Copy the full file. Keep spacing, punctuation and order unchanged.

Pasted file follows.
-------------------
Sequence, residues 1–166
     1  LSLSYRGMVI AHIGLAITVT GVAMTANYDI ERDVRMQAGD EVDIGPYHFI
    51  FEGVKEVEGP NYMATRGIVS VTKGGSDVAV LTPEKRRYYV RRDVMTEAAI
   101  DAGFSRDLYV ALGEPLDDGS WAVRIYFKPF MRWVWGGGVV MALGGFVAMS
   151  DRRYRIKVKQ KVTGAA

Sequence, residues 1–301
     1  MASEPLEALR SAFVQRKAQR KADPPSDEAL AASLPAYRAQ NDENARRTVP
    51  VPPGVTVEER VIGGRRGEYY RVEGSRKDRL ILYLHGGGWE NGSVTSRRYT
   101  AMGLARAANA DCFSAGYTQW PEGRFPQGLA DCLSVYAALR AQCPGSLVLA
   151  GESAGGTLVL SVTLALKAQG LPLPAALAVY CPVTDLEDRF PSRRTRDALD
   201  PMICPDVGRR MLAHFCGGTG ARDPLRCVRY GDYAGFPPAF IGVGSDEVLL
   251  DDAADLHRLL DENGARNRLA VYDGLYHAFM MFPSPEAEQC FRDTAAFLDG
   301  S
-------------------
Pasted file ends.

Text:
Sequence, residues 1–166
     1  LSLSYRGMVI AHIGLAITVT GVAMTANYDI ERDVRMQAGD EVDIGPYHFI
    51  FEGVKEVEGP NYMATRGIVS VTKGGSDVAV LTPEKRRYYV RRDVMTEAAI
   101  DAGFSRDLYV ALGEPLDDGS WAVRIYFKPF MRWVWGGGVV MALGGFVAMS
   151  DRRYRIKVKQ KVTGAA

Sequence, residues 1–301
     1  MASEPLEALR SAFVQRKAQR KADPPSDEAL AASLPAYRAQ NDENARRTVP
    51  VPPGVTVEER VIGGRRGEYY RVEGSRKDRL ILYLHGGGWE NGSVTSRRYT
   101  AMGLARAANA DCFSAGYTQW PEGRFPQGLA DCLSVYAALR AQCPGSLVLA
   151  GESAGGTLVL SVTLALKAQG LPLPAALAVY CPVTDLEDRF PSRRTRDALD
   201  PMICPDVGRR MLAHFCGGTG ARDPLRCVRY GDYAGFPPAF IGVGSDEVLL
   251  DDAADLHRLL DENGARNRLA VYDGLYHAFM MFPSPEAEQC FRDTAAFLDG
   301  S